London: The inventor of the World Wide Web, Tim Berners-Lee, has called for a bill of rights in order to protect freedom of speech on the Internet.
Berners-Lee also said that there was a need for a charter like England's historic Magna Carta to help guarantee fundamental principles online. Web privacy and freedom have come under scrutiny since former US National Security Agency contractor Edward Snowden last year leaked a raft of secret documents revealing a vast U.S. government system for monitoring phone and Internet data.
Accusations that NSA was mining personal data of users of Google, Facebook, Skype and other US companies prompted President Barack Obama to announce reforms in January to scale back the NSA programme and ban eavesdropping on the leaders of close friends and allies of the United States.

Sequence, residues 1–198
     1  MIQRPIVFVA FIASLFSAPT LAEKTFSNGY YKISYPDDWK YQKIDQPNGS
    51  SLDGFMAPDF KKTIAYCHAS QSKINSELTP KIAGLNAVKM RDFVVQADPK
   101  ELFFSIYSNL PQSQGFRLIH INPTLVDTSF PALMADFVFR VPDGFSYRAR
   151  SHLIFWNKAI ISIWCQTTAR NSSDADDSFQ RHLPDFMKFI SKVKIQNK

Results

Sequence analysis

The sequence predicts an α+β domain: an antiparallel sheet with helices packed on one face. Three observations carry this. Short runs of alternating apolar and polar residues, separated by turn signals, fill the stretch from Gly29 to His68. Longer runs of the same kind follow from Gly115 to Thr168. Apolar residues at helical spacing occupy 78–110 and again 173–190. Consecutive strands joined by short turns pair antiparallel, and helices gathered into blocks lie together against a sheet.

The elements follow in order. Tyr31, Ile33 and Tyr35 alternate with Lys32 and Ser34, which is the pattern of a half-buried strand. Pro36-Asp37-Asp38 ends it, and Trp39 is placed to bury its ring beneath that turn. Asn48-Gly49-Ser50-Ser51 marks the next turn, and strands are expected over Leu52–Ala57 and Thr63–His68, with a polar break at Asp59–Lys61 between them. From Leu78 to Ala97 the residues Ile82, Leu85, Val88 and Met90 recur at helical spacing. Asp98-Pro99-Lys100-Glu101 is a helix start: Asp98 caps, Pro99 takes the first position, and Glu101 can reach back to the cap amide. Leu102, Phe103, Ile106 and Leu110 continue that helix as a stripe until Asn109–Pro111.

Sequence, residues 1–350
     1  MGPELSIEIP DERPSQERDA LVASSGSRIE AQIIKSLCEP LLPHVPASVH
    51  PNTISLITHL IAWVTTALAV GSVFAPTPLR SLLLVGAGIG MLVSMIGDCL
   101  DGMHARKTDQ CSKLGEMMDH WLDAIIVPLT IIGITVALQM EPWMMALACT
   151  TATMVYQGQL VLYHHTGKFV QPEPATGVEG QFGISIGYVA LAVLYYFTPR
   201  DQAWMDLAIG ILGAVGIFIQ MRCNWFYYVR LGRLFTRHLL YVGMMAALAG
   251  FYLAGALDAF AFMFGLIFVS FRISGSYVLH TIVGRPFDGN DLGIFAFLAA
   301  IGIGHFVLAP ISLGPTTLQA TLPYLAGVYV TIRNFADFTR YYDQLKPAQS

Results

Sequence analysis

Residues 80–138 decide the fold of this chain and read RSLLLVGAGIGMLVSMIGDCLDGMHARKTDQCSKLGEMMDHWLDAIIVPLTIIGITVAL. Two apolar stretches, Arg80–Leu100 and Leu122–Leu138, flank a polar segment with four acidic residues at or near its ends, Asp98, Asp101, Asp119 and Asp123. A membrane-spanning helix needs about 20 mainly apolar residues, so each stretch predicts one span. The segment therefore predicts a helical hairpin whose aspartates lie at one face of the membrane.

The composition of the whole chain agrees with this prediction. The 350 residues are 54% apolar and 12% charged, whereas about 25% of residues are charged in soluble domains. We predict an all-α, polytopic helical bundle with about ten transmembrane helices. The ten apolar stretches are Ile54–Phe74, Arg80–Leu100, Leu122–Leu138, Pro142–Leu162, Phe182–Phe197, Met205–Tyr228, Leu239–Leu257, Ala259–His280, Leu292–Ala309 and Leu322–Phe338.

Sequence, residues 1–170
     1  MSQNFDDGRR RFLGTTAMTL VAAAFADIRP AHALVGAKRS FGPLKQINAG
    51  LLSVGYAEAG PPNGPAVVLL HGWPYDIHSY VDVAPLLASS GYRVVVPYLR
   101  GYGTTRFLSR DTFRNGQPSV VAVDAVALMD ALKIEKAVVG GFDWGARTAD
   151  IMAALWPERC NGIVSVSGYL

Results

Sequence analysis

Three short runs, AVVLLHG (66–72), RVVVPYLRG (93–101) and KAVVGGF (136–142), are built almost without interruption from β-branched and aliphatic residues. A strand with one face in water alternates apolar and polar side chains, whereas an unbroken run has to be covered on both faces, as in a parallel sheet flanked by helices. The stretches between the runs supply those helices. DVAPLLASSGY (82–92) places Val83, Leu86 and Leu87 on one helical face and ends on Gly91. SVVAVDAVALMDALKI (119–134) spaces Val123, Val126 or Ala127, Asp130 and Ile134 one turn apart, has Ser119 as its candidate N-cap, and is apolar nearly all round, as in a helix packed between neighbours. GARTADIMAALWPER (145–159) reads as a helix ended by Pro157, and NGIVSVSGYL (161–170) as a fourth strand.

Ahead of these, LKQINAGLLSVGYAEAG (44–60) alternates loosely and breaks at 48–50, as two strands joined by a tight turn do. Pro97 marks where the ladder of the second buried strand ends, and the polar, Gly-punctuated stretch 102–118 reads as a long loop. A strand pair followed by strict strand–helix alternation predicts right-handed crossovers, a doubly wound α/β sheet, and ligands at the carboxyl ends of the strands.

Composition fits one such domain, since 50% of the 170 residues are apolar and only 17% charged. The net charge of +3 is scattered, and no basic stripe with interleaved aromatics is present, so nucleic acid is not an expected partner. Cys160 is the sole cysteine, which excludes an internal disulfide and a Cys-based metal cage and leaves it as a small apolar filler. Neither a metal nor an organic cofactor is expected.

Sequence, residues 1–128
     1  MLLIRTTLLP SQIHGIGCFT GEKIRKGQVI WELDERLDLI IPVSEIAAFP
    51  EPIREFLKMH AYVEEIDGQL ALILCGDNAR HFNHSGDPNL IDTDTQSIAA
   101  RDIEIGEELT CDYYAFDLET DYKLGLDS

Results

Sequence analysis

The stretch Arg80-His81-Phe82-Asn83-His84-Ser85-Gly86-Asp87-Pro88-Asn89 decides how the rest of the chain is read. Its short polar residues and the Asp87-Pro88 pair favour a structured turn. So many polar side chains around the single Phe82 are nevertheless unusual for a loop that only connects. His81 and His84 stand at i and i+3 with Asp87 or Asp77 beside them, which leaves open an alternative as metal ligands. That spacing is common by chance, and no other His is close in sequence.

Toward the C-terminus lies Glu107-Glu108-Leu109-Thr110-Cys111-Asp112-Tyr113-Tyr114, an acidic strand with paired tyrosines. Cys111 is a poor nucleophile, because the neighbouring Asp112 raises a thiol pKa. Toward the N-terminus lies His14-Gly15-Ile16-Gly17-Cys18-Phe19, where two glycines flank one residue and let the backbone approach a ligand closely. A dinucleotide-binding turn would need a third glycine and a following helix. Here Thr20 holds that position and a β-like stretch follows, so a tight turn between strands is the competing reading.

Berners-Lee said that it was time for a communal decision as he warned that growing surveillance and censorship, in countries such as China, threatened the future of democracy.
While acknowledging that the state needed the power to tackle criminals using the Internet, he has called for greater oversight over spy agencies such Britain's GCHQ and the NSA, and over any organisations collecting data on private individuals.
Berners-Lee and the World Wide Web Consortium, a global community with a mission to lead the web to its full potential, have launched a year of action for a campaign called the Web We Want, urging people to push for an Internet "bill of rights" for every country.
"Our rights are being infringed more and more on every side, and the danger is that we get used to it. So I want to use the 25th anniversary for us all to do that, to take the web back into our own hands and define the web we want for the next 25 years," concluded Berners-Lee